New Pittsburgh Steelers running back Benny Snell caught nearly 10 times fewer passes at the college level than did Jaylen Samuels, the team’s running back selection from the previous draft. His three seasons produced fewer receptions than most NFL running backs have in one—or even a quarter of a season for some.
Despite that, the Steelers have expressed confidence in their belief of Snell’s ability to contribute in the passing game, perhaps relying upon comparisons to their other running back, James Conner, who had marginal contributions in the passing game at the college level but did it with success in 2018.
Running backs coach Eddie Faulkner, new to the job and Samuels’ position coach in college, admitted that he “had those same question marks” about Snell but noted that his natural hands were on display during drills at his Pro Day, which wasn’t dissimilar to how Conner was coming out two years ago.
Snell is aware of the circumstances too—you can’t not be when you don’t even average 10 catches per season—but he had an answer for it when he appeared recently on The Fan.
“With me being the size I am, I feel like I’m pretty stout as a pass-blocker”, he started in discussing his contributions to the passing game. “Things are pretty different in the NFL, so I’m gonna have to adjust to that”, he conceded.
“When being assessed by my coaches, I think that they see that Kentucky had so much success running the ball that I didn’t catch the ball that much, I didn’t really get [an] opportunity” to contribute much as a receiver, he said. “So I’m gonna try to show that as much as I can at camp and while I’m at practice, so that’s what I’ve been working on in the offseason. I’ve been working on my open-field speed a little bit more”.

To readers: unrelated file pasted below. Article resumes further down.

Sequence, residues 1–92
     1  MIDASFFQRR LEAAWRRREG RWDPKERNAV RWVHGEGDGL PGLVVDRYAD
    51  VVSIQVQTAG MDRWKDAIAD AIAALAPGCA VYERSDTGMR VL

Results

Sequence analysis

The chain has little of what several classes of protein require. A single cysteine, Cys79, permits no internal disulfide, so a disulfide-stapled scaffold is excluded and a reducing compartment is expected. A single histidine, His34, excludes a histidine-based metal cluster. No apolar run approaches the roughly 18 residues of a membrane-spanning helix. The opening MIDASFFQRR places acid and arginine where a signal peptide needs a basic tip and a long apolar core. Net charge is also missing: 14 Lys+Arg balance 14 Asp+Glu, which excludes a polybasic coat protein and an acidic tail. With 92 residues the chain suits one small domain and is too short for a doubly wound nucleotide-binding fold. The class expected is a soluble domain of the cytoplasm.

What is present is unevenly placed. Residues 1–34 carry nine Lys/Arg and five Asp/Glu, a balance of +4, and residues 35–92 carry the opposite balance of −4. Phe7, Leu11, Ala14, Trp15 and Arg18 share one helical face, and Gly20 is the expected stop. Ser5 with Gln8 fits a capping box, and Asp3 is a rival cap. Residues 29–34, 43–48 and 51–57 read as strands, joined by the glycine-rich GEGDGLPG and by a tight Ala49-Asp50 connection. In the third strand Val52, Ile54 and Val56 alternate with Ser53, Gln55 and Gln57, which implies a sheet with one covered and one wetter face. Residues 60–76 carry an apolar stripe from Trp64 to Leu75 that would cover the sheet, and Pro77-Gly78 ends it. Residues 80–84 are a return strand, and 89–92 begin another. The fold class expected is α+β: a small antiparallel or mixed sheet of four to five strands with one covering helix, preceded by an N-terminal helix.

His speed of course is another thing that he was knocked for. He will never be a burner, but it’s not inconceivable that he could pick up some quickness by shedding some weight, as many larger NFL running backs do when they make the transition from college to the pros. Conner did it, and Samuels is doing it right now.
At this stage of the NFL game, making such transitions is virtually a prerequisite for running backs who want to be anymore more than one-dimensional. Even a successful player like Jordan Howard found himself traded a short way into his career. He has averaged just one and a half receptions per game.
While Snell will be working to add it to his repertoire, it’s not likely to be a key part of his role in Pittsburgh, with Conner already displaying three-down-back capabilities and Samuels already skilled in the receiving game.